“For more than fifteen years, the Federal Communications Commission has agreed that an open Internet free from blocking, throttling, or other interference by service providers is critical to ensure that all Americans have access to the advanced telecommunications services that have become essential for daily life. The recent Order represents a dramatic and unjustified departure from this long-standing commitment,” the brief states.
A 19th Amendment Centennial Moment:
The 19th Amendment was first introduced to Congress in 1878, yet it was not approved by Congress until 1919 – 41 years later.
- https://legaldictionary.net/19th-amendment/

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Re: Net Neutrality

#104

Post by MN-Skeptic »

The Hill -
California governor signs nation's strictest net neutrality bill

California Gov. Jerry Brown (D) on Sunday signed into law the country's strictest net neutrality bill, marking the state's latest rebellion against the Trump administration's agenda.

The legislation bars internet service providers from slowing down website speeds, blocking access to certain websites and charging extra for large sites like Netflix, according to The Sacramento Bee.
And also from The Hill -
DOJ sues California over net neutrality law

The Department of Justice (DOJ) on Sunday night sued California over its new new neutrality law, a little over an hour after Gov. Jerry Brown (D) signed the bill.

The lawsuit claims the California bill is "unlawful and anti-consumer" because it goes against the federal government's "deregulatory approach to the Internet."
MAGA - Morons Are Governing America

TexasFilly
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Re: Net Neutrality

#105

Post by TexasFilly »

Apparently the DOJ has lots of time and resources to sue California. What happened to the 10th Amendment lovers?
I love the poorly educated!!!

Kevin McCarthy: Paul Ryan playing with a head injury -- Jon Lovett

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Suranis
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Re: Net Neutrality

#106

Post by Suranis »

TexasFilly wrote:
Sun Sep 30, 2018 11:11 pm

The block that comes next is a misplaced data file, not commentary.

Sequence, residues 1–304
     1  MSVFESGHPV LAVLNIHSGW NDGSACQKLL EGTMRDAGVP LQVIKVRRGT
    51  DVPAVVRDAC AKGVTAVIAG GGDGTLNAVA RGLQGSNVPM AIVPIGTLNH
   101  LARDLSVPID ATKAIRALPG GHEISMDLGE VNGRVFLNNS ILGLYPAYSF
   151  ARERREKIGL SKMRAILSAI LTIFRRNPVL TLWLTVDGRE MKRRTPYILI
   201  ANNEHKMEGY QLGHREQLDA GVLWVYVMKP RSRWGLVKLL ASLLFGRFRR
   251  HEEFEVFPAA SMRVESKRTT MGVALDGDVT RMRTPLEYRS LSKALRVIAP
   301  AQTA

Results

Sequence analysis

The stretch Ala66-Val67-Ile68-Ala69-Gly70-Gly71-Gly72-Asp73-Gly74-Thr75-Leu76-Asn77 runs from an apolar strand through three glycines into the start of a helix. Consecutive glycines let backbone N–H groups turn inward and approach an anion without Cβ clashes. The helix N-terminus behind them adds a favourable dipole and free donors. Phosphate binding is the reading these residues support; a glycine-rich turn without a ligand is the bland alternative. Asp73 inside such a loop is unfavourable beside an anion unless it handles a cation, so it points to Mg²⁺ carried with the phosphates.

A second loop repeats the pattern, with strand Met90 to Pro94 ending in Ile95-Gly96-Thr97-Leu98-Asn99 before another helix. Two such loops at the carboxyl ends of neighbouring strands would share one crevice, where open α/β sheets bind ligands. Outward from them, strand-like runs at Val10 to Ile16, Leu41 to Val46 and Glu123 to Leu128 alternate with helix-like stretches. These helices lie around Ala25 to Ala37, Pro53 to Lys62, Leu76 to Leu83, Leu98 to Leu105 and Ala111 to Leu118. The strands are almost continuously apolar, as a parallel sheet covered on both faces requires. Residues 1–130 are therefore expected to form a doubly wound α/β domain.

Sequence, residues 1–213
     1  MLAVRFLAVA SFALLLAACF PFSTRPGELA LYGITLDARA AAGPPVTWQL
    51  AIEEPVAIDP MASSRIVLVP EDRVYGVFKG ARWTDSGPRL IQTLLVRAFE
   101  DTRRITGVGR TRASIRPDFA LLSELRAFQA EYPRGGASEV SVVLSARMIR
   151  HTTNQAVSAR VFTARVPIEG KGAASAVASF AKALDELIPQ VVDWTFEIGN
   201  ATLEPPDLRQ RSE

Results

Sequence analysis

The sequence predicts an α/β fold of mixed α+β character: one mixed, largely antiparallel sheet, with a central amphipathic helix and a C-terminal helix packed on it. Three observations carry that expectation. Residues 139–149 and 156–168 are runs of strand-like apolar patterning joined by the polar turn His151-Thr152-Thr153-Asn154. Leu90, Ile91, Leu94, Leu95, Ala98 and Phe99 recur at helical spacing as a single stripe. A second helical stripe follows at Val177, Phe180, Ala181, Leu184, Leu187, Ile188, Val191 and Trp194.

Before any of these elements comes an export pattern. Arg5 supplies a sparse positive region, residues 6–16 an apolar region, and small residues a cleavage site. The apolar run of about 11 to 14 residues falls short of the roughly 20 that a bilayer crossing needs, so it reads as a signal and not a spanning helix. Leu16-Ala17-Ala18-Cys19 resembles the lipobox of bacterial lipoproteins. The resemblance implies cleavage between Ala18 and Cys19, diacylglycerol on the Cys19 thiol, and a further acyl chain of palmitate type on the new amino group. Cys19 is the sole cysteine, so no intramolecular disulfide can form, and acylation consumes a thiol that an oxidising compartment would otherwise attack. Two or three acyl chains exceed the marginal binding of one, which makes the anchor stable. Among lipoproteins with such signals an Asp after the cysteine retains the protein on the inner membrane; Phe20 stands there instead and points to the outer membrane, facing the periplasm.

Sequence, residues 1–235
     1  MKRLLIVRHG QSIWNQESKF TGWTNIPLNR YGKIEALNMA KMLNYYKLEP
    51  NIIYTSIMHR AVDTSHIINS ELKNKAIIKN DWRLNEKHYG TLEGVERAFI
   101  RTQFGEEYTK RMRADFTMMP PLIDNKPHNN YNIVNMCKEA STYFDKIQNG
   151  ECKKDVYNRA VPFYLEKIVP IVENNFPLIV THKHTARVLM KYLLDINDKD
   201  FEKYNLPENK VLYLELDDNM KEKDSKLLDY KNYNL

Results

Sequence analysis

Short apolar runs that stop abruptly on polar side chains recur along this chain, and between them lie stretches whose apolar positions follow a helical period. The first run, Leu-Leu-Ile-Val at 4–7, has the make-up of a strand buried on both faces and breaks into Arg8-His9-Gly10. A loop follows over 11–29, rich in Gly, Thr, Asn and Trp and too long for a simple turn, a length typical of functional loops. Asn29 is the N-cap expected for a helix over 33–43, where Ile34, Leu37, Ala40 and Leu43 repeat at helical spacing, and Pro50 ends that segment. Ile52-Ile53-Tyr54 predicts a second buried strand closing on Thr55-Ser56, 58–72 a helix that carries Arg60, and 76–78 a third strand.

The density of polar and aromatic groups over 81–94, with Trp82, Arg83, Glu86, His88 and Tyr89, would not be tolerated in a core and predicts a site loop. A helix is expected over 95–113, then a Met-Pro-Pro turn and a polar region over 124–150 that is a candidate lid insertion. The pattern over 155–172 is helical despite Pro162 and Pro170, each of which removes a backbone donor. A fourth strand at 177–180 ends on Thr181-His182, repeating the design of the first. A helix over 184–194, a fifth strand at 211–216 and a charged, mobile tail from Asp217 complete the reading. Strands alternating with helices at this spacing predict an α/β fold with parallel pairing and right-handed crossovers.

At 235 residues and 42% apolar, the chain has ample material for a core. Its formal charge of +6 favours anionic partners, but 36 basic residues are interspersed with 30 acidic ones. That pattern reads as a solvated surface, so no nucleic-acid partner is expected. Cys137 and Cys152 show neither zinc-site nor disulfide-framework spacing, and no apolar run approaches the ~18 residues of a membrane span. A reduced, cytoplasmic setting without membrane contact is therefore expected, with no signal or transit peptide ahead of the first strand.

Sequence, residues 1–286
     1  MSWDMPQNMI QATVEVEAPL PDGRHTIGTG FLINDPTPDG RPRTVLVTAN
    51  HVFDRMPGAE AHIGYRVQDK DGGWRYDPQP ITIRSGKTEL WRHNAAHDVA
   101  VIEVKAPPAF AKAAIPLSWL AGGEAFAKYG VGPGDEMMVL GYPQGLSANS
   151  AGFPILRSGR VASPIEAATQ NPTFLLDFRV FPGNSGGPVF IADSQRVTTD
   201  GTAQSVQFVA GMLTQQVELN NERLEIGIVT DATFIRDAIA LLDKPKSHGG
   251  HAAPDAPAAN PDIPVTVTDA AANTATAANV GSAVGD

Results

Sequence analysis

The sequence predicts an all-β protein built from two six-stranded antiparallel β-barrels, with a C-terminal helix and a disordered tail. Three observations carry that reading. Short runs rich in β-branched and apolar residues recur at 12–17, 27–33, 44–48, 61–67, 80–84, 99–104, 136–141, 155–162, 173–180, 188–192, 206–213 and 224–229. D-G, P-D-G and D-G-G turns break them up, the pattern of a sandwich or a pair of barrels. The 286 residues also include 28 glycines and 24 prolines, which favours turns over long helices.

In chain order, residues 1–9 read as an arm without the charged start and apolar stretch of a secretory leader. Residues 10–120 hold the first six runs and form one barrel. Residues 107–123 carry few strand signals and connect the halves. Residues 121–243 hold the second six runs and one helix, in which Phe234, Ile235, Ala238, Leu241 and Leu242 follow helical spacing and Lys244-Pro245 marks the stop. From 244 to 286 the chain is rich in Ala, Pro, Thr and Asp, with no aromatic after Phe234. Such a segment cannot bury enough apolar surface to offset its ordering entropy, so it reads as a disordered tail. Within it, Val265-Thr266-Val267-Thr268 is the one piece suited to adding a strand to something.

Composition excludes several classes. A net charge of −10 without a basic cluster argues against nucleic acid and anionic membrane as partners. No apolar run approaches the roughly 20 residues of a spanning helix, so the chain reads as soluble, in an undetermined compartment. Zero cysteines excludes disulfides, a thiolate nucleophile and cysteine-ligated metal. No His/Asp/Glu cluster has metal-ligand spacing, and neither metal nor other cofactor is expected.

Apparently the DOJ has lots of time and resources to sue California. What happened to the 10th Amendment lovers?
Some states exercised their freedom to ban slavery.
The difference between the Middle Ages, and the Age of the Internet, is that in the Middle Ages no-one thought the Earth was flat.

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RTH10260
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Re: Net Neutrality

#107

Post by RTH10260 »

U.S. appeals court will not reconsider net neutrality repeal case

Feb 6 (Reuters) - A U.S. appeals court said late on Thursday it will not reconsider an October ruling that largely upheld the repeal of landmark net neutrality rules, rejecting requests by more than a dozen U.S. states and tech groups.

The Federal Communications Commission in December 2017 reversed Obama-era rules prohibiting internet service providers (ISPs) from blocking or throttling traffic, or offering paid fast lanes, a blow to large tech companies and consumer groups that had championed net neutrality.

In orders issued Thursday, the full U.S. Court of Appeals for the District of Columbia declined without comment to rehear the decision as did the three-judge panel that issued the ruling in October.


https://www.reuters.com/article/usa-int ... SL1N2A62BA

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RTH10260
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Re: Net Neutrality

#108

Post by RTH10260 »

crosspost
FCC forced by court to ask the public (again) if they think tearing up net neutrality was a really good idea or not
US regulator tries to hide embarrassment behind series of sudden announcements
By Kieren McCarthy in San Francisco 21 Feb 2020 at 03:04

Comment
The Federal Communications Commission (FCC) is asking the American public to tell it if its decision in 2017 to scrap net neutrality regulations was dumb or not.

In a striking piece of irony – and one that the FCC is distinctly unhappy about – the watchdog is legally obliged to seek public comment on three issues: how its decision has threatened public safety, damaged broadband infrastructure rollout, and prevented poor people from getting access to fast internet access.

That obligation is the result of a legal challenge to the FCC's decision to tear up net neutrality rules covering internet access in America. That attempt last year failed in court, largely because federal regulators are given significant leeway to decide their own rules, even when it comprises overturning their own rules made just two years earlier, in 2015.

However, the court noted some serious concerns about the FCC scrapping its own rules, and so told the regulator it needs to gather public feedback on those issues and to consider what it needs to do to alleviate concerns. Normally this wouldn’t be a problem. It is simply a case of the judicial process carrying out its proper function: identifying issues, and seeking to get them rectified.


https://www.theregister.co.uk/2020/02/2 ... eutrality/